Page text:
Everything was fuzzy there for a moment. I knew it wasn't all what I thought it was. Surely some wise-ass hadn't pulled a gun on me and taken me out. Not after everything I'd gone through to get my daughter out of that situation. But, then, old Ockam reared his ugly head, and I stopped and considered what I knew. I'd cleaned up, and gotten my act together enough to get to spend a little time with Murph, that's Seargant Karrin Murphy of the Chicago Police Department to be exact, and then, as I walked out of my brother's boat, I had looked down to see blood on my shirt. And my hands. And everywhere else, come to think of it.
So, I had died. Or this was some crazy in between world where I was going to be tested for all my crimes. I closed my eyes, and called up my power, testing it. It was there, but it wasn't as close. Or as big. It felt like it did when I was with Justin. Young, raw, and small. I looked down to locate my rings, staff, coat, hell, any of my usual tools, and gaped in shock. My magic felt small because my body was small. I tilted my head, and stretched and tried on this new skin. It wasn't my body as a child, that much was clear. I'd been skinny, but I'd never been this skinny. If I'd have seen a kid like this in Chicago, I'd have taken him straight to Forthill and made the man place him somewhere where at least he'd get a square meal or three a day. Several questions came quickly to the forefront. Who was I now? Was I still Harry? Or was I someone completely new and different? What was I supposed to do? Here I was a thirty-something --- hey, shut up. Ok. Forty-something year old wizard in a small body. This body certainly did belong to a wizard, and now that I recognized the power, it was more than I had had at his age. But it was ... different. I had no clue where I was, or what I was doing. All I knew was that I was in a small, cramped room a quarter the size of one of Murph's holding cells, and less bright and cheery.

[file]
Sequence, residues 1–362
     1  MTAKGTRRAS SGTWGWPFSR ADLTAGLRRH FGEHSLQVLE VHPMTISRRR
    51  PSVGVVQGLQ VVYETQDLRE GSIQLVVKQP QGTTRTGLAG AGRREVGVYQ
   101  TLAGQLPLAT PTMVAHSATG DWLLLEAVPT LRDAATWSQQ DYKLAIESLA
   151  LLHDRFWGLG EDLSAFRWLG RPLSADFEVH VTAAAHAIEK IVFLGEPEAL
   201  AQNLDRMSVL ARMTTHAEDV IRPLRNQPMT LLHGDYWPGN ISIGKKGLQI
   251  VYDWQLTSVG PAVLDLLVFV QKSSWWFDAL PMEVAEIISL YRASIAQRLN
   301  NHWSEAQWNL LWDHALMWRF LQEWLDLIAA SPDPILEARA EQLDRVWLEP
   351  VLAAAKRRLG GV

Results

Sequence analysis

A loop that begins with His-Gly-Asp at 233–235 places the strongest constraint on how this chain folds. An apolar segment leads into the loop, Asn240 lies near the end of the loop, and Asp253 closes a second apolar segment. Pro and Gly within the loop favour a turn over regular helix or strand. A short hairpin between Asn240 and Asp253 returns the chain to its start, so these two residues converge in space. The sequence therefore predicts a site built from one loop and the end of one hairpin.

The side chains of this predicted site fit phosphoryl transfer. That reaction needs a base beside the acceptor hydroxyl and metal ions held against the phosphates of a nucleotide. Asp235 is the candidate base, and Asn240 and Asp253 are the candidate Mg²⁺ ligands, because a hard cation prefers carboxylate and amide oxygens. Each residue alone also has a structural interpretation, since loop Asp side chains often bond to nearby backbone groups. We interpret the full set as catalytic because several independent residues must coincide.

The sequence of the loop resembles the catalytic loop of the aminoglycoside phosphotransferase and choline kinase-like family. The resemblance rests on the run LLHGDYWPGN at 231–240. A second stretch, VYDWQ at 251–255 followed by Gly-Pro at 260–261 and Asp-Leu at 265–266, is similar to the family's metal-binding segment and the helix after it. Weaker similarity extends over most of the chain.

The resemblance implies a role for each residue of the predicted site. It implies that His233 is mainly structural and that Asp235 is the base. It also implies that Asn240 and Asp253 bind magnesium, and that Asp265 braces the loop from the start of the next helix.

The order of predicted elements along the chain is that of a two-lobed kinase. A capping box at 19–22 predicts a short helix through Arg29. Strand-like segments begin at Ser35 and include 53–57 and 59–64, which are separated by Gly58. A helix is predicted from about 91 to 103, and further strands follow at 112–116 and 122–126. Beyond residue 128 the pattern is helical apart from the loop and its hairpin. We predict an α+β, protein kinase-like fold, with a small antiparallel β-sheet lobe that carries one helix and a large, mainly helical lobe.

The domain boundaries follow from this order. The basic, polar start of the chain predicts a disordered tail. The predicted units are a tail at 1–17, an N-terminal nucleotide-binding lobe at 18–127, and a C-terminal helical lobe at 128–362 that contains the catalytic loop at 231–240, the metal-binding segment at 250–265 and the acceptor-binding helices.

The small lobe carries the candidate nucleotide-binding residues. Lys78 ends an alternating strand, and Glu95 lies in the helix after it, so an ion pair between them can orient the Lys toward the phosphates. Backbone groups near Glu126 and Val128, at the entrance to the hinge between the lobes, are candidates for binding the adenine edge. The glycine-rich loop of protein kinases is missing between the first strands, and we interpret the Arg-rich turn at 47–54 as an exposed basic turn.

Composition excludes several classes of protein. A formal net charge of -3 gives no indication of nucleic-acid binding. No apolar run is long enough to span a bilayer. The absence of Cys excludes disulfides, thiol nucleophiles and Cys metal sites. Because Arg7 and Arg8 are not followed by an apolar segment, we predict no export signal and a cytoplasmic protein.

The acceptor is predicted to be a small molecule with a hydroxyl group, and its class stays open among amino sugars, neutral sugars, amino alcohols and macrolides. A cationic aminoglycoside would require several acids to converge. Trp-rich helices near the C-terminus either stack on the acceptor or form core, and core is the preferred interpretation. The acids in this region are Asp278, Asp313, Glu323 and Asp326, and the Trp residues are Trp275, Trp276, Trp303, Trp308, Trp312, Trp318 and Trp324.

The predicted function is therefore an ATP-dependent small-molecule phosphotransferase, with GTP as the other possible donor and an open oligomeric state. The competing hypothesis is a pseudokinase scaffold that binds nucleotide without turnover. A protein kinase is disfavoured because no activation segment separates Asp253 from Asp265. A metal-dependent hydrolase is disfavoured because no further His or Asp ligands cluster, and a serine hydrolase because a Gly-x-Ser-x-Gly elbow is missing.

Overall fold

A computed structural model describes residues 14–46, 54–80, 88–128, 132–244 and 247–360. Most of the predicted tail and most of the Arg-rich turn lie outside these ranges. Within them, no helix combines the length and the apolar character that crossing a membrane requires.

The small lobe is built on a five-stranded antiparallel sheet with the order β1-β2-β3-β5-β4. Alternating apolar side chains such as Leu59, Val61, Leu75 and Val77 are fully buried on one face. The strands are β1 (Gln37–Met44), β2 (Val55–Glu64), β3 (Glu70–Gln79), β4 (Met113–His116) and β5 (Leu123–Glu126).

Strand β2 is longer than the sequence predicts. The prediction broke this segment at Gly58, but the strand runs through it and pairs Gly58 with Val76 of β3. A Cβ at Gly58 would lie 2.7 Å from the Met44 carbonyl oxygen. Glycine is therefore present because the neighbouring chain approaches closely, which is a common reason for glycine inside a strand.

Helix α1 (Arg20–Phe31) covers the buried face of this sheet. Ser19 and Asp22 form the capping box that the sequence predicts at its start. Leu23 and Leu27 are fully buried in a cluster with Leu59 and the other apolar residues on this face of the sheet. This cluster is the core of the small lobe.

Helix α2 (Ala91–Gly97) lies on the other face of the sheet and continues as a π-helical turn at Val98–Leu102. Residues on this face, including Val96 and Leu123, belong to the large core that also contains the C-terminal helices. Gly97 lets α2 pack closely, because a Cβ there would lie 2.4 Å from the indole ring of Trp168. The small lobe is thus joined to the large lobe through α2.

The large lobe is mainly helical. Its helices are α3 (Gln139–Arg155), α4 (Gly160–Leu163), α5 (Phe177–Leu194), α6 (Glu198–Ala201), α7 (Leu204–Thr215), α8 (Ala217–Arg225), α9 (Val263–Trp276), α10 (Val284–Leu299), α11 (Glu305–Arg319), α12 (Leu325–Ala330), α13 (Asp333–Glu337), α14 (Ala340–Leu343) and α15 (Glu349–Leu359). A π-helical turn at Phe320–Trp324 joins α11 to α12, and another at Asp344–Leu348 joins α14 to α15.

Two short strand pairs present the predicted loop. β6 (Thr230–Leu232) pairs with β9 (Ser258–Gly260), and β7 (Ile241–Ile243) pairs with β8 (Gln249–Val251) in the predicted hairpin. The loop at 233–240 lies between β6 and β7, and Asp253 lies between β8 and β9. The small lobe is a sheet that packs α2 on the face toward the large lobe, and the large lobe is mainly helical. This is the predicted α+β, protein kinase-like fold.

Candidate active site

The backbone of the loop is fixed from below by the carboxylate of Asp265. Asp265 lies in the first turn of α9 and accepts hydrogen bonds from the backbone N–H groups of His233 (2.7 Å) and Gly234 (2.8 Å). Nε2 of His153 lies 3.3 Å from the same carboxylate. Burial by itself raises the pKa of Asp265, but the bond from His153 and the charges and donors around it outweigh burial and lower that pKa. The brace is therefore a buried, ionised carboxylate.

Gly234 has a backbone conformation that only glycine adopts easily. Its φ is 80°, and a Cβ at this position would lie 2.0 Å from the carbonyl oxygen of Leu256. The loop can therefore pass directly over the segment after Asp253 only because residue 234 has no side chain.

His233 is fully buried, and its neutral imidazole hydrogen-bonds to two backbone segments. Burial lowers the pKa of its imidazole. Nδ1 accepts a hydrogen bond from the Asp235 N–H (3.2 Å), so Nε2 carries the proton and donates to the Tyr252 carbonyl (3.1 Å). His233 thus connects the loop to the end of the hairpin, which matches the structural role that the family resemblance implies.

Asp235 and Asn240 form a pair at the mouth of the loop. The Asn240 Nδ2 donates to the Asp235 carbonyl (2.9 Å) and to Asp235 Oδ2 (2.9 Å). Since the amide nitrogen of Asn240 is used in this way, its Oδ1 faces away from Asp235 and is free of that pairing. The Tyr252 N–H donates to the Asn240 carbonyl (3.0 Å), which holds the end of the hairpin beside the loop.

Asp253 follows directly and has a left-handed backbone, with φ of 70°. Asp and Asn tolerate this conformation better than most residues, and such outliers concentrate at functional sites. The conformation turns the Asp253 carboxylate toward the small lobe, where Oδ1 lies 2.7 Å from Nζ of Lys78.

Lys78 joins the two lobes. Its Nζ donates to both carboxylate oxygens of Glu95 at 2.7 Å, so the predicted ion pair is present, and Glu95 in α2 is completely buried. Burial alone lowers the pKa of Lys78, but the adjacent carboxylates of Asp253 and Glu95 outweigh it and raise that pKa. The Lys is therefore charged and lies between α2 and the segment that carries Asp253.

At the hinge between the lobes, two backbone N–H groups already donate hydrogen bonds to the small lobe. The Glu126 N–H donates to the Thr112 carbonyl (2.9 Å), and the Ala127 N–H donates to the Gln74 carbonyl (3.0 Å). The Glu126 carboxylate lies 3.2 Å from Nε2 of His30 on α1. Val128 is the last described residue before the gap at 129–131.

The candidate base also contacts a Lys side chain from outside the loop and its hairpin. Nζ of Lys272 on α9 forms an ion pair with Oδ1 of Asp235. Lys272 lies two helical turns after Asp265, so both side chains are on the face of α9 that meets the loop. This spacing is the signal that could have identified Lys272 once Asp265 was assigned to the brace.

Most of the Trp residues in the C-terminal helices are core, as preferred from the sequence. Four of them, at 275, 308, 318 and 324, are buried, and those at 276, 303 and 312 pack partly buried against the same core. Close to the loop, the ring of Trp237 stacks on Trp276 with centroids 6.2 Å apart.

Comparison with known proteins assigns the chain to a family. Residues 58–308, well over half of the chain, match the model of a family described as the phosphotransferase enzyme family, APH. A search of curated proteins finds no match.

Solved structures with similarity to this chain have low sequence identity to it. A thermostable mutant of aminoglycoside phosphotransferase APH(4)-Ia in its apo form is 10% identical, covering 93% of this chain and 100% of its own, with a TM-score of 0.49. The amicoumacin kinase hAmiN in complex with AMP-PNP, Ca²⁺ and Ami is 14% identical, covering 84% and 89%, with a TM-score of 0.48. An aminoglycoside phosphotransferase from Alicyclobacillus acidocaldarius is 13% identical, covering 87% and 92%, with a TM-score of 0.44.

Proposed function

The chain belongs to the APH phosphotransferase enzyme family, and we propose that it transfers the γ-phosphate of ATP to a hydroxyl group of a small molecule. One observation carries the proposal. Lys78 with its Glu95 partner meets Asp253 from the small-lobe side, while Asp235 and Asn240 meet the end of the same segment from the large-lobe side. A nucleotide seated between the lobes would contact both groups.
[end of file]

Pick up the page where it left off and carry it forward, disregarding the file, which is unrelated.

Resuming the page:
"Joy." I whispered to myself, not knowing who held me in this place, or if this was 'home.' As if in response to my thoughts, a skull with bright glowing orange eyes appeared right in front of me, startling the crap out of me. "Bob! Don't do that!"
"Don't do what, Boss? Dance around like the Headless Horseman's Head? Aw, c'mon. You don't let me have any fun. There are no pretty women here to ogle. I mean there's the kid's aunt, but I mean, have you seen her? She makes Maeve look sweet and cuddly." I rolled my eyes. Bob, the spirit of air and information, was my personal computer. Technology didn't seem to work around me in general, so I had to rely on this guy to remember things for me. Date book, calculator, encyclopedia, post-it note ... Bob.
"No. Don't scare me like that. I don't know what the kid's captors would do if you scared me enough to make noise. If they're cruel enough to put the kid into a small room like this, then they'd do just about anything. I'm assuming this 'aunt' you mentioned is his family?"